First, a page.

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How CVS Gets Away with What Walmart Can't

Updated on February 17, 2019

Walmart has been at the forefront of labor disputes, and the focus of well deserved righteous consumer indignation, for years now. However, it is hardly the only company failing to take care of its employees. Another enormously successful retail giant, CVS Health, isn’t treating its employees (or customers) particularly well either, but the lack of public attention means that those practices go largely unchallenged.

Walmart's new wage minimum is what CVS pays its Pharmacy Techs

Over the past year, there have been labor protests in several industries, predominately fast food and retail, pushing for an increase of the minimum wage. Earlier this year Walmart announced an increase in its minimum pay rate to $9 an hour. One group that you haven’t heard from is Pharmacy Technicians- specifically, CVS Pharmacy Technicians. These are the people that handle the medicine that may very well determine if you live or die, and their take home from what can be an incredibly stressful job is that same $9 an hour- roughly $1,000 a month after taxes. CVS techs can receive a modest pay increase by obtaining national certification, but that isn’t something that can be done overnight, and it’s still well below the national average (according to this despite the fact that CVS is one of the two largest and most profitable pharmacy chains (along with Walgreens) in the country, and had a net profit of 6.62 billion dollars in 2017. Oh, and those Techs you’re so familiar with that have been working there for years and actually make the place run? They may have started at a time when the company was paying a more livable rate, but they’ve likely had their pay rate frozen for years in the name of an artificially imposed maximum.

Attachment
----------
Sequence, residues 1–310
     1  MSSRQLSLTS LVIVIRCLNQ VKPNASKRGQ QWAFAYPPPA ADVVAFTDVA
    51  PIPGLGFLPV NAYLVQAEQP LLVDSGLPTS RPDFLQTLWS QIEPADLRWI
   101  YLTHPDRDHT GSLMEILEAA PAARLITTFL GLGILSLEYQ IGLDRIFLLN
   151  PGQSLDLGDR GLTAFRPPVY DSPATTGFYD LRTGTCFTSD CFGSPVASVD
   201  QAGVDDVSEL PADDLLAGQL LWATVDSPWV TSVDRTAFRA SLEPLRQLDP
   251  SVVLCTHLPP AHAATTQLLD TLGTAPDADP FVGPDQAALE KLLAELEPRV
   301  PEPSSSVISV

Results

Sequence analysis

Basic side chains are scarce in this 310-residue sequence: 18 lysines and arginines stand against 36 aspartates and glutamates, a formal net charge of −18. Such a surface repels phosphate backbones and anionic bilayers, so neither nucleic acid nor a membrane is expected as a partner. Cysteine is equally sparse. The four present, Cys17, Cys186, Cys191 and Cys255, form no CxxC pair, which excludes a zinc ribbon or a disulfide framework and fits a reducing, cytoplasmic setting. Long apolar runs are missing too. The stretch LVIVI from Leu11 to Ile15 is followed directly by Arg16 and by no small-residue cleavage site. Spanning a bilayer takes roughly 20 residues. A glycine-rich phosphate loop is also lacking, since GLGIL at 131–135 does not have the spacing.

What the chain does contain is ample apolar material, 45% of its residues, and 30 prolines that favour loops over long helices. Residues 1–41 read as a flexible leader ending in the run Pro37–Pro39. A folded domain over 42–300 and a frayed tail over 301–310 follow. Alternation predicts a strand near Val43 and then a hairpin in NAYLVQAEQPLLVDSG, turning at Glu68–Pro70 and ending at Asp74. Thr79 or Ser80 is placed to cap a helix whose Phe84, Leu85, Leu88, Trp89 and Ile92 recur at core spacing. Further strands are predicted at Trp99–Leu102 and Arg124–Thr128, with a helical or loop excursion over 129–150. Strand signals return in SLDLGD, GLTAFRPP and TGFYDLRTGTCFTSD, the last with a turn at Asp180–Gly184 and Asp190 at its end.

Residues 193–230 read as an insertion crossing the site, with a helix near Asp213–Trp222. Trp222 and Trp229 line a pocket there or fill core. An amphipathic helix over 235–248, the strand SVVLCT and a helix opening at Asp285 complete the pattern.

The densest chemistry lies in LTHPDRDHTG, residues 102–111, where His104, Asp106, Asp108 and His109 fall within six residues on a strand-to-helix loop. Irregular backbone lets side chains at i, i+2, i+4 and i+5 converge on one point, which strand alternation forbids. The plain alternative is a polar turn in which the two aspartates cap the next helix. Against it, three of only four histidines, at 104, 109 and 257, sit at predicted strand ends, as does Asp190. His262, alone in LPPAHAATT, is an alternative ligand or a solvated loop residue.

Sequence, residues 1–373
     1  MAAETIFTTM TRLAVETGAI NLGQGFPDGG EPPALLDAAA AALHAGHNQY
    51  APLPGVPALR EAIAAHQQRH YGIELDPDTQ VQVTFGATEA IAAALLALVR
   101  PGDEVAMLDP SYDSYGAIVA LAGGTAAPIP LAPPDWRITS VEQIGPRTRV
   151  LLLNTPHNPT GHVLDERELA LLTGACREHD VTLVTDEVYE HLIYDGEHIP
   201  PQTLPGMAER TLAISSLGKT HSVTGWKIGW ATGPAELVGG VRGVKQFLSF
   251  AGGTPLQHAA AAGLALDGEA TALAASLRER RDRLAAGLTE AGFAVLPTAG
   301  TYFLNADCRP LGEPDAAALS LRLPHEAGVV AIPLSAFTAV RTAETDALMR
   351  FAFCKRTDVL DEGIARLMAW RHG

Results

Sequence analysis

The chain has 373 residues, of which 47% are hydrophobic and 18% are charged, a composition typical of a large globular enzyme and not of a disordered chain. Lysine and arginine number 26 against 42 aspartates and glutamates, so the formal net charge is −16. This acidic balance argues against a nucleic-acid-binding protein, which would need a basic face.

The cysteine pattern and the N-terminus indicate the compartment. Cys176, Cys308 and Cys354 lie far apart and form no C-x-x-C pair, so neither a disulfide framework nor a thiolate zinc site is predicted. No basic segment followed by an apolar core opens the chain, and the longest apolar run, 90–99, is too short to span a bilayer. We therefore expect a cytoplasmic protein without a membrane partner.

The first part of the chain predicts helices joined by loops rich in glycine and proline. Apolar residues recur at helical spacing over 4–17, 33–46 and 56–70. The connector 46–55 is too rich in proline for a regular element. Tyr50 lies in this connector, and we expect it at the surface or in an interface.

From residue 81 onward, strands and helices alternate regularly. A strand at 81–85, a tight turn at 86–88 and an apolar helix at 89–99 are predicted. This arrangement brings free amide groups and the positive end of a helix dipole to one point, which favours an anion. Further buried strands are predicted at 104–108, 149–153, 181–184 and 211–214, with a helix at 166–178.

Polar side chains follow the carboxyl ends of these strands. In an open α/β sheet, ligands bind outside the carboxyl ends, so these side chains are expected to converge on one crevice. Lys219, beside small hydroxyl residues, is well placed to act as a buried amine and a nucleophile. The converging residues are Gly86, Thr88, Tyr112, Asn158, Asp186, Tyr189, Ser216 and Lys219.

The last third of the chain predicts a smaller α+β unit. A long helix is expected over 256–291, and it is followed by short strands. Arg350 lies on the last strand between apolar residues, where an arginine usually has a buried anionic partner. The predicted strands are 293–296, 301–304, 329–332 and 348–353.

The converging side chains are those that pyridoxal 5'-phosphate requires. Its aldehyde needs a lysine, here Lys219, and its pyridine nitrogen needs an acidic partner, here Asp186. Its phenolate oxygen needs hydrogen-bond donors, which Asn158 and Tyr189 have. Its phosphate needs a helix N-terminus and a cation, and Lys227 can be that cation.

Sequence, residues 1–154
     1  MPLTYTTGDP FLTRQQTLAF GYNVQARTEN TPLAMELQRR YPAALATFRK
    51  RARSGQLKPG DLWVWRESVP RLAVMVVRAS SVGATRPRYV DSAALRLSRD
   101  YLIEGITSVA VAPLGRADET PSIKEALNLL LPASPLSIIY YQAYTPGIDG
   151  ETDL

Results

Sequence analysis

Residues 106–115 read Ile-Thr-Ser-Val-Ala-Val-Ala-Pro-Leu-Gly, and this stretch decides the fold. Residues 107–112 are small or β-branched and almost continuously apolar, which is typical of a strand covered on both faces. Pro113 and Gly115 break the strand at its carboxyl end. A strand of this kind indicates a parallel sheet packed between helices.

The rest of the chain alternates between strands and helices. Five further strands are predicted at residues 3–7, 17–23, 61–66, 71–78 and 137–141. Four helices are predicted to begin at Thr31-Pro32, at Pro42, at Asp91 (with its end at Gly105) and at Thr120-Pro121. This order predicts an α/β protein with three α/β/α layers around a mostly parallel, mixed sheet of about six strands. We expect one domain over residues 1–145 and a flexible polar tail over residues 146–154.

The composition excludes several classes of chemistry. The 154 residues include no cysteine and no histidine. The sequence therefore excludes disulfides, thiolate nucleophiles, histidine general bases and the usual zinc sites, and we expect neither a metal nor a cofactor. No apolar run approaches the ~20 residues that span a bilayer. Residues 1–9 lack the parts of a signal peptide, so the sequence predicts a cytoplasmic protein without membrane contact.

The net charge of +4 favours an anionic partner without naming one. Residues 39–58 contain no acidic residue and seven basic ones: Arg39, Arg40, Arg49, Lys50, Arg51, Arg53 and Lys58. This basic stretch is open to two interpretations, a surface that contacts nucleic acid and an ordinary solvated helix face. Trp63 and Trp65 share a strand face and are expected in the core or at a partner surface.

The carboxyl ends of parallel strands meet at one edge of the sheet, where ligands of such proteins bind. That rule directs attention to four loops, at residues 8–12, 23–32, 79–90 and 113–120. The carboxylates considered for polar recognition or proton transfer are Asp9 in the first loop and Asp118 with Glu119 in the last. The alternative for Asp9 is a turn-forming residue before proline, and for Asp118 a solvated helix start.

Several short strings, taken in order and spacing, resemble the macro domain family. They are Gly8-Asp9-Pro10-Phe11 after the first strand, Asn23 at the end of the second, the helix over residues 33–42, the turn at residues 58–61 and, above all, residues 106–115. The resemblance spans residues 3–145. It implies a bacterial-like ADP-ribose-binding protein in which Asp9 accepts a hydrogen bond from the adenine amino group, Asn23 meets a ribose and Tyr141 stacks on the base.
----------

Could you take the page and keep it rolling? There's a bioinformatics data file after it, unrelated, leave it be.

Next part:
CVS Pharmacy Techs do not receive the breaks workers in other industries take for granted

If you work at just about any retailer or grocer, including Walmart, you are likely accustomed to receiving a half hour lunch off the clock as well as two paid 15 minute breaks per eight hour shift. This is not federally mandated, and only a few states have labor laws that require them, but workers in most industries are granted them as part of company policy. Yet, despite what is, again, a very stressful job, CVS pharmacy technicians never receive anything more than their half hour lunches (the pharmacists don’t even receive that, but their pay scale is, umm, different). That is something Wal-Mart simply can’t get away with because it has a history of labor disputes and is being watched closely by, well, everyone, and it has labor unions waiting to pounce, but very few Walmart employees ever miss their fifteen minute breaks.

Tired of long lines?  Try not CVS pharmacies.
Tired of long lines? Try not CVS pharmacies.

The understaffing is largely intentional